Thursday, September 13, 2012

Fed stimulates inflation expectations

I didn't think they would do it (QE3), but they did. It wasn't necessary, but I presume that the FOMC was under tremendous political pressure to "do something!" So the Fed will be buying $40 billion of MBS per month for the foreseeable future, and they will also continue "Operation Twist." Their objective is to stimulate the economy, primarily by artificially suppressing mortgage rates, which in turn they hope will stimulate the housing market and thus contribute to a stronger economy. Unfortunately, to judge by key market-based indicators, all they have achieved so far is to stimulate inflation expectations.


The chart above shows 10-yr Treasury yields (the main reference point for mortgage rates) in orange, and the yield on current coupon Fannie Mae collateral (the benchmark yield for mortgage rates) in white. In the past two months, Treasury yields have risen while mortgage yields have not fallen. The spread has narrowed in favor of mortgage rates, but the level of mortgage yields has not changed. If inflation expectations continue to increase, Treasury yields and mortgage rates will rise. The Fed can't stimulate without causing Treasury yields to rise, and if they rise further, mortgage rates will have no choice but to rise as well. Rising mortgage rates will be an excellent indicator that the Fed has succeeded in stimulating the housing market. Rates could rise by a lot before they became a burden on the housing market.


The chart above shows the market's forward-looking inflation expectation (i.e., the expected average annual inflation rate over the 5-yr period beginning five years from now). This has now reached 2.85%, up from a low of 2.0% a year ago. 


This same result (higher inflation expectations) can be observed in the spread between 10-yr TIPS and 10-yr Treasuries. The average annual expected rate of inflation over the next 10 years is now 2.48%. Not unusually high, but it's clear that the market is figuring that QE3 increases the odds of higher inflation in the future. Not dangerously higher inflation, but the risks of deflation have now almost vanished, and that is presumably a good thing.


 The gold market is also treating the Fed's move as a signal for higher inflation.

How about the stock market—is it discounting stronger growth, or higher inflation? That's a tough question to answer, but my reading of the market tea leaves suggests that the stock market views QE3 as a sign of stronger nominal growth: businesses are more likely to see improvement in their cash flows in coming years. Whether than improvement comes from more inflation or more growth or both, matters little at this point. Stronger nominal growth means less likelihood of defaults, better profits on average (at least in nominal terms), and less risk of a recession or depression. On balance, the odds have shifted in favor of those who have a claim on future corporate cash flows, so stocks look more attractive. I don't think the market is yet discounting stronger real growth. Let's get nominal growth up and then we'll worry about how much of that increased nominal growth is real and how much is inflation.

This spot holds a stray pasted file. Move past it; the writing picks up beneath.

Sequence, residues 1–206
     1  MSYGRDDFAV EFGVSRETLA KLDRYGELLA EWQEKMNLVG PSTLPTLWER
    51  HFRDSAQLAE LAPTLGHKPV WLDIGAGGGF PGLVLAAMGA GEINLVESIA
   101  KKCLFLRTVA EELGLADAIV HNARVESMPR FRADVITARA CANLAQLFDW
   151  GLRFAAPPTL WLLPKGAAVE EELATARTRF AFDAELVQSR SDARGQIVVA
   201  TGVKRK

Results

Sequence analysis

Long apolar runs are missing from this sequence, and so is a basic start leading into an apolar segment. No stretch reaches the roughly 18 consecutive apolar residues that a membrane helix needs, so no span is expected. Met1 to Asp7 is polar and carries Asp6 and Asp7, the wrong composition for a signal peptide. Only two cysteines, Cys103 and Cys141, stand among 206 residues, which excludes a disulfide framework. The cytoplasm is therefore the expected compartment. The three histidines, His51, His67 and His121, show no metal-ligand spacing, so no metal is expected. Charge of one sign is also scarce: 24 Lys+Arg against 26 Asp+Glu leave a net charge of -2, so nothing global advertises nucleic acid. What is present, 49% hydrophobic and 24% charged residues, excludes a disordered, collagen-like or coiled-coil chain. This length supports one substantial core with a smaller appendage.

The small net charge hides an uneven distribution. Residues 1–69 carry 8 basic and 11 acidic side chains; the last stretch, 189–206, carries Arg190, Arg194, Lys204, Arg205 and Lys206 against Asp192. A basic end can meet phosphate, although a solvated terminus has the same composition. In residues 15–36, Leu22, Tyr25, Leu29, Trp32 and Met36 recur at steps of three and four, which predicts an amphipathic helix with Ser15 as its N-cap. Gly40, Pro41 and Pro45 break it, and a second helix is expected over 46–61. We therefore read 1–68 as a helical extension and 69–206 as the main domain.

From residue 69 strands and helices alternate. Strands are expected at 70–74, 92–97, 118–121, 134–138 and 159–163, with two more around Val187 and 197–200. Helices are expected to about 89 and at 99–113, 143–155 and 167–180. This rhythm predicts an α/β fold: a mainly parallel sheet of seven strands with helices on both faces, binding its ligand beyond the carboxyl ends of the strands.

I worry more about the risk that the Fed has made an exit strategy from QE more difficult, and thus I worry more about inflation rising in the years ahead. But so far, those fears are somewhat offset by a reduced risk of recession and/or deflation. It's unfortunate the Fed had to come to this, but it's premature to say it's the end of the world.

Regardless, inflation hedges just became more attractive. Seems to me that the cheapest inflation hedge right now is real estate, while the most expensive asset is Treasuries. So: buying real estate using 30-yr fixed mortgage debt (equivalent to shorting Treasuries) looks like an incredibly attractive proposition. With the banking system set to accumulate even more excess reserves, it seems inevitable that banks will want to increase their lending. At the same time, the demand for inflation hedges like real estate should be picking up, and with it the demand for more lending and thus more monetary expansion. Whether this will be good for the economy or just good for the real estate market and inflation hedges in general is a question that will be answered in the next year or two. For now it looks like inflation hedges are the better bet.

18 comments:

brodero said...

Dollar Index Friday before Lehman 78.96.....today many QE's later....79.26...

Joseph Constable said...

The FED tied their QE to unemployment. If unemployment stays above 7% we have unlimited QE.

But what if labor laws and other structural things keep unemployment above 7%? Doing QE takes the incentive away from congress to correct the structural unemployment problem. The dual mandate has really ruined things as full employment has been the target of all monetary policy that stayed easy for too long.

Scott Grannis said...

we don't necessarily have unlimited QE. Presumably, QE would be called off if inflation rises above some level that in the Fed's view would violate their dual mandate.

Unknown said...

Benjamin undoubtedly will be happy.

Bill said...

Does this assure Obama's re-election?

William said...